About a month before India rolled out the new Goods & Services Tax (GST) regime, subsuming several indirect taxes levied across the country, those involved in the business of imports and exports pressed the “go slow” button. The en- tire community of foreign traders was apprehensive and anxious about how the new rules will impact their businesses.
The traders are getting back to business now, but their landscape has altered. The business dynamics have changed under the new regime. And while al large part of the uncertainty is over, some ticklish issues remain to be resolved and clarified.
What the introduction of GST has done is replaced the earlier Countervailing Duty (CVD) and Special Additional Duty (SAD) with Integrated Goods & Services Tax (IGST), even though the Basic Customs Duty, Anti- Dumping and Safeguard Duties remain intact. While this itself would not have caused the trade any real concern, the need to pay IGST on all imports and claim a refund on the input tax at the time of exports has caused more than a flutter. Earlier, exporters (of products and services) were exempted from paying taxes on inputs meant for ex- ports.
Under the new regime, exemption will apply only to basic customs duty. This effectively shrinks the up-front incentive to the exporters. As refund of the input tax can be claimed only when the export is being undertaken, this in- creases the financial burden of exporters and leads to an increase in work- ing capital requirements and financing costs. What’s more, there seems to be a lack of clarity on the processing of refunds. Exporters will feel far more assured if there is a clear and transparent framework and strict timeline for such refunds.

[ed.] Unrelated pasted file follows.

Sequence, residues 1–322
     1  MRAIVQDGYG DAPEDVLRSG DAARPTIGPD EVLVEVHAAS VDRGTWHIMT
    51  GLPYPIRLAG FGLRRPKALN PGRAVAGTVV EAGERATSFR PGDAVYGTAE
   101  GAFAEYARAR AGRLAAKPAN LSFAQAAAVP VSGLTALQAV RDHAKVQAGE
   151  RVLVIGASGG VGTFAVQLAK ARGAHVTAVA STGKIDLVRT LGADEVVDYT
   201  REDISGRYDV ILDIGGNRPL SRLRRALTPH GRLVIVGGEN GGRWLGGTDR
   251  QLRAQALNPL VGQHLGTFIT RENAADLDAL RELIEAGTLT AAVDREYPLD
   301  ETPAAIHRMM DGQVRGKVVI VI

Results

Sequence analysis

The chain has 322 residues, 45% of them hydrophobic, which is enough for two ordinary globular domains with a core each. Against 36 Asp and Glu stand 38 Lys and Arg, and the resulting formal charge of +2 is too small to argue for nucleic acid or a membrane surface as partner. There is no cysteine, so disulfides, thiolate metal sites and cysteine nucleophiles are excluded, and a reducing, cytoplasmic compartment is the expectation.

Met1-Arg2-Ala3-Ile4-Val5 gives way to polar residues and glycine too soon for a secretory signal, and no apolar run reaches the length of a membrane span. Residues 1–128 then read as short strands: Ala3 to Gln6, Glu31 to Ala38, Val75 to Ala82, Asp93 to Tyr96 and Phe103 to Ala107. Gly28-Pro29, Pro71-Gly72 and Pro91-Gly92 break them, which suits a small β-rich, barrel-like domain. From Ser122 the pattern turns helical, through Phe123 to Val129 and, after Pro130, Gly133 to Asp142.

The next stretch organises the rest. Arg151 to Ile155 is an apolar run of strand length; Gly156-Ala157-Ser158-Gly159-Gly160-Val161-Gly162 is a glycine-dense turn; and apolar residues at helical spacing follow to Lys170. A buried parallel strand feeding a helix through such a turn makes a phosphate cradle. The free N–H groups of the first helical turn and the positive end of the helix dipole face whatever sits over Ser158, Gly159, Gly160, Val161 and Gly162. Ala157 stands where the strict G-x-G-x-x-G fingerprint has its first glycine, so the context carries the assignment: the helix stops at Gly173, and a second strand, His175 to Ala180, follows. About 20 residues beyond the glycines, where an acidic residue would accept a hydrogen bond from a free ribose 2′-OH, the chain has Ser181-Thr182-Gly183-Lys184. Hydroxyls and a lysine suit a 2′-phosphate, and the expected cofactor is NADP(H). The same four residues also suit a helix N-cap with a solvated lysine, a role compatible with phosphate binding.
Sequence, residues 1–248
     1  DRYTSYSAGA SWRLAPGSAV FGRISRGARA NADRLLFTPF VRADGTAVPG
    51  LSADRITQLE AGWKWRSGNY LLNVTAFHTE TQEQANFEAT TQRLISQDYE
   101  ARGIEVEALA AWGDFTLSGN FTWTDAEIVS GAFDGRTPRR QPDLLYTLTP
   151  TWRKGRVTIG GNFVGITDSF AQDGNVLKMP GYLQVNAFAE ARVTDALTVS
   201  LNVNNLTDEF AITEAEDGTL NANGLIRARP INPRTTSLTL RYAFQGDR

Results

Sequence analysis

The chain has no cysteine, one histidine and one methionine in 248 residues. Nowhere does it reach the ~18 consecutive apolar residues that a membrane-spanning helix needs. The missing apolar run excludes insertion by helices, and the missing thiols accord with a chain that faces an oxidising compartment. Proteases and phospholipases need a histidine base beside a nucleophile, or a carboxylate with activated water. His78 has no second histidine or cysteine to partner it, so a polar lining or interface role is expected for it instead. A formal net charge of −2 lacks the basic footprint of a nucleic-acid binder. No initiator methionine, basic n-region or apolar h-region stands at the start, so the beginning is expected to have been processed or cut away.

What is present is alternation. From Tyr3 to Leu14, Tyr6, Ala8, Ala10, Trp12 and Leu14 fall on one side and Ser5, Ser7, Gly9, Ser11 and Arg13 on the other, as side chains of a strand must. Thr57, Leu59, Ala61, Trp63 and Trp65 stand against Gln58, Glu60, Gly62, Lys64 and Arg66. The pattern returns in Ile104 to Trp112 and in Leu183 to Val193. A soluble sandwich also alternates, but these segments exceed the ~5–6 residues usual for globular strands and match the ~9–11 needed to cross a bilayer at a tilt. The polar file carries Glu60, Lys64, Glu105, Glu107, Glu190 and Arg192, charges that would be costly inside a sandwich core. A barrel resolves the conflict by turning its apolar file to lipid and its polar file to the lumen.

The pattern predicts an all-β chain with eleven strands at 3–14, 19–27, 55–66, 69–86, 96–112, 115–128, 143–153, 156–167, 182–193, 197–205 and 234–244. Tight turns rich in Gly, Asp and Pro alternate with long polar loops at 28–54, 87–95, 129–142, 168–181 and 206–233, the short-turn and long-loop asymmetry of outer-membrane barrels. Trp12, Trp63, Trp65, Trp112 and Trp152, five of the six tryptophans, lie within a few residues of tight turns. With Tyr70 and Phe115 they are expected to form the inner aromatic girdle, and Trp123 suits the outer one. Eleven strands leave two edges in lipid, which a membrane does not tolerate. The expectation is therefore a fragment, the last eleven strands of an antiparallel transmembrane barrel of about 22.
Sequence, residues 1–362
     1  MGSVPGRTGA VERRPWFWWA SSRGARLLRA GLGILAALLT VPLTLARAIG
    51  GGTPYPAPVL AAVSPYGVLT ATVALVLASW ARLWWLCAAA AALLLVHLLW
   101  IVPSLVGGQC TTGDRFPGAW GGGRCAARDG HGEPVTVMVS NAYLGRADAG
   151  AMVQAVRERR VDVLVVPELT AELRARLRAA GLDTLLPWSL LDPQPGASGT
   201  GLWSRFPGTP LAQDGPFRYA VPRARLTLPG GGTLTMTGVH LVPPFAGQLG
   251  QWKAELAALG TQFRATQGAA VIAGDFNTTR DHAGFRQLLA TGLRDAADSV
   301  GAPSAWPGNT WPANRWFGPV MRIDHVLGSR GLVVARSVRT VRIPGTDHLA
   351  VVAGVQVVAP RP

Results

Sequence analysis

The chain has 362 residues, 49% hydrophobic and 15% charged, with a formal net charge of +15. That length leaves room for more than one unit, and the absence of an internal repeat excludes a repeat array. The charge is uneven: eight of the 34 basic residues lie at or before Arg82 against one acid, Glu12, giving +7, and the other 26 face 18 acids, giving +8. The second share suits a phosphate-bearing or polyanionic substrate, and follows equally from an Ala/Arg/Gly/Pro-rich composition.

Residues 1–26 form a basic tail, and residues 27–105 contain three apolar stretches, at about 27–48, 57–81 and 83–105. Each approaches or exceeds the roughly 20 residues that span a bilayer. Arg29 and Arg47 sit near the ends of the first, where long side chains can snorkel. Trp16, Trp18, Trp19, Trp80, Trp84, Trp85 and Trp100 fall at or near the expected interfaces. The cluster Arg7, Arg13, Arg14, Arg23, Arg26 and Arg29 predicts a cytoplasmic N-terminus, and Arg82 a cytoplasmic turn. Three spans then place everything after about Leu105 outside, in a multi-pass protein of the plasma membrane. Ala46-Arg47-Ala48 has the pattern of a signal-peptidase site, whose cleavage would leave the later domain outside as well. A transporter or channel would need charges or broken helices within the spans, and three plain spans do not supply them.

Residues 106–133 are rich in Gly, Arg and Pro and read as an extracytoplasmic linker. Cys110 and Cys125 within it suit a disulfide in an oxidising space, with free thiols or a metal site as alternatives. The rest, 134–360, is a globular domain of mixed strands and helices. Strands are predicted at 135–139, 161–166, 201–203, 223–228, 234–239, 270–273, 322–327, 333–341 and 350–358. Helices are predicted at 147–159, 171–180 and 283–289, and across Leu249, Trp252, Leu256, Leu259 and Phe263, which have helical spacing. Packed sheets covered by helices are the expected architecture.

Another fall-out of the change in the tax regime, some experts aver is likely to be the loss off relevance of Export Processing Zones and Software Technology Parks, as the gains from setting up facilities in such zones could reduce significantly.
There is also conjecture and speculation that the new regime might prod exporters to look for alternative, indigenous suppliers of inputs. Where quality inputs are available at near import costs, it might be worthwhile for ex- porters to consider just-in-time input supplies vis-à-vis bulk exports, as the IGST value to be paid on imports will act as a disincentive. Local in-time sourcing will also help reduce time between sourcing of inputs and claim of refunds.
In a nutshell, therefore, the new regime will spell lower incentive and higher costs for those engaged in foreign trade. And this may impact business and profitability for importers and exporters, especially in sectors where the ability to pass on increases in costs is limited.
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